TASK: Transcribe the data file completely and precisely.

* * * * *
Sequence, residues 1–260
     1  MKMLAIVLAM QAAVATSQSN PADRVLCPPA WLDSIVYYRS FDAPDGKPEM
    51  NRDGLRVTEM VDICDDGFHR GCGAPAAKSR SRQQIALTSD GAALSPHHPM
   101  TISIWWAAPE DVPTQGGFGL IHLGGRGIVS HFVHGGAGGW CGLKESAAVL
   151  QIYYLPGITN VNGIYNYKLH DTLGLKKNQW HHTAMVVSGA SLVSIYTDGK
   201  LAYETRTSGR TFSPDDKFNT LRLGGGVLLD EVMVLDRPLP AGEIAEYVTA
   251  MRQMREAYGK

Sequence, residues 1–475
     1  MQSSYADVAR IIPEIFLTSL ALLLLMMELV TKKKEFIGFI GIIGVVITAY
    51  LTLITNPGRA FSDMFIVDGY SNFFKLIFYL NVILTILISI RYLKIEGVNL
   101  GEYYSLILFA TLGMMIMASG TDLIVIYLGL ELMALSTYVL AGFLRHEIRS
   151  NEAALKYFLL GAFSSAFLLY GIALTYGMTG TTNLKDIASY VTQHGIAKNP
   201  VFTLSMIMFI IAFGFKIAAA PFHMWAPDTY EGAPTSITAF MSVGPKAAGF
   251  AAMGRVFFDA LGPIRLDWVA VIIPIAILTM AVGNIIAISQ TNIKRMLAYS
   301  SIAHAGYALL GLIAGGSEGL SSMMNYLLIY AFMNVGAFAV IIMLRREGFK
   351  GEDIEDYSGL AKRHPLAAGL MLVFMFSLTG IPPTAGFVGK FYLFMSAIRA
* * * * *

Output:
Sequence, residues 1–260
     1  MKMLAIVLAM QAAVATSQSN PADRVLCPPA WLDSIVYYRS FDAPDGKPEM
    51  NRDGLRVTEM VDICDDGFHR GCGAPAAKSR SRQQIALTSD GAALSPHHPM
   101  TISIWWAAPE DVPTQGGFGL IHLGGRGIVS HFVHGGAGGW CGLKESAAVL
   151  QIYYLPGITN VNGIYNYKLH DTLGLKKNQW HHTAMVVSGA SLVSIYTDGK
   201  LAYETRTSGR TFSPDDKFNT LRLGGGVLLD EVMVLDRPLP AGEIAEYVTA
   251  MRQMREAYGK

Sequence, residues 1–475
     1  MQSSYADVAR IIPEIFLTSL ALLLLMMELV TKKKEFIGFI GIIGVVITAY
    51  LTLITNPGRA FSDMFIVDGY SNFFKLIFYL NVILTILISI RYLKIEGVNL
   101  GEYYSLILFA TLGMMIMASG TDLIVIYLGL ELMALSTYVL AGFLRHEIRS
   151  NEAALKYFLL GAFSSAFLLY GIALTYGMTG TTNLKDIASY VTQHGIAKNP
   201  VFTLSMIMFI IAFGFKIAAA PFHMWAPDTY EGAPTSITAF MSVGPKAAGF
   251  AAMGRVFFDA LGPIRLDWVA VIIPIAILTM AVGNIIAISQ TNIKRMLAYS
   301  SIAHAGYALL GLIAGGSEGL SSMMNYLLIY AFMNVGAFAV IIMLRREGFK
   351  GEDIEDYSGL AKRHPLAAGL MLVFMFSLTG IPPTAGFVGK FYLFMSAIRA